Speaking Natural Finishes – series 5
“Your skin is the reflection of one’s inner health”
The people of Wayanad have taken this very literally for their humble abodes of adobes; anagram anyone?
The traditional plastering techniques of this region are based on their locally available resources as a natural finish should be. That is the first rule of the vernacular. A natural finish, whether plaster or an earth-smeared floor is always energy efficient. The materials for which are non-laborious to collect, easily sourced. These certainly react well with the climate; keeping in mind that they are born of the same.
Wayanad is a host to a beautiful earthen finish in the palette of earthen colours. Stunning rich greys, pearly whites and deep blacks. All represent the five elements of nature perfectly.
Why a need for plaster if one may ask?
With the material that is used to build their homes, usually plastering is essential. A good earthen finish will protect what’s underneath, mud blocks, mud monoliths (cob), rammed earth and all!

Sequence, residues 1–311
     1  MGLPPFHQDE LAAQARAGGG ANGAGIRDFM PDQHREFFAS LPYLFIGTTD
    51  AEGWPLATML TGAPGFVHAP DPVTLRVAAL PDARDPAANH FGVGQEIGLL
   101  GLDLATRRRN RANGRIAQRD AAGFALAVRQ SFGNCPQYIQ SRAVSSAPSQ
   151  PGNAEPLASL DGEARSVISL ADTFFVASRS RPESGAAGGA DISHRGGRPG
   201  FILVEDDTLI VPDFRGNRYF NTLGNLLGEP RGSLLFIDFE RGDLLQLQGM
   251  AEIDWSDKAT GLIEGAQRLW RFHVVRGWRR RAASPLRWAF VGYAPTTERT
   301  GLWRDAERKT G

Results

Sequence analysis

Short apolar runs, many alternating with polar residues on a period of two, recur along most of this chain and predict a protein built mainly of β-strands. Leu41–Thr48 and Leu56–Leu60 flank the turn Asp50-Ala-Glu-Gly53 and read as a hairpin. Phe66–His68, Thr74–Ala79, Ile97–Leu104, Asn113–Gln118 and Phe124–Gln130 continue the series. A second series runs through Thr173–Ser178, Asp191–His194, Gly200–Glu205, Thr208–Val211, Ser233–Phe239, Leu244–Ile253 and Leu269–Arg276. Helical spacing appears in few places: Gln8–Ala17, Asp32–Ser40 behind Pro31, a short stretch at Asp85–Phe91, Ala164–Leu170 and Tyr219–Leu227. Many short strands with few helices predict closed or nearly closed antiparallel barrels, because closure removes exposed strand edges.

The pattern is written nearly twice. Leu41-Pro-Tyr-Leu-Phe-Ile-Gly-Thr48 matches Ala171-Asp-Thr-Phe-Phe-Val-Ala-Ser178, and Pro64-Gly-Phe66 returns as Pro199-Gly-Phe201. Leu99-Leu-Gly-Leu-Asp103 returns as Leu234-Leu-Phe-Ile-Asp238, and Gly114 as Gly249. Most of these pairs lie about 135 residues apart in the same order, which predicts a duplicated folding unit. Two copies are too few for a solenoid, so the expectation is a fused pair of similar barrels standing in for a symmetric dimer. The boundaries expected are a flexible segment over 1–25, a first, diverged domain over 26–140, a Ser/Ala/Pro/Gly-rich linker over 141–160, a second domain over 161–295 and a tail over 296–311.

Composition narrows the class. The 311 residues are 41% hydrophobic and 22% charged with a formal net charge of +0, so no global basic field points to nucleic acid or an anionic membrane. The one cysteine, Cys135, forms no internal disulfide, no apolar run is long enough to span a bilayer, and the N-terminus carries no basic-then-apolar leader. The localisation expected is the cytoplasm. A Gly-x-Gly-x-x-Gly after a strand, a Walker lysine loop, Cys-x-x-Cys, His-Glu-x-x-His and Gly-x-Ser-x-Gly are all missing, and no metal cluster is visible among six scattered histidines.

In a land of abundance as this, there are myriad of materials to choose from. Most ingredients are farm-based, cow dung
& Rice husk is one of the most easily available!
The Pearly Whites
The rich white plasters are often used for walls, ideally to reflect the glare from the sun and the heat as well. Ramaettan’s home is a brilliant example of glowing finishes. The plaster which coats this home is simply the white mud found in the beds of the nearby streams, or at the bottom of the ponds. This mud is basically clay; the process used to make these plasters is interesting indeed. The geology plays a vital role in determining the colour palette for the earthen finishes here.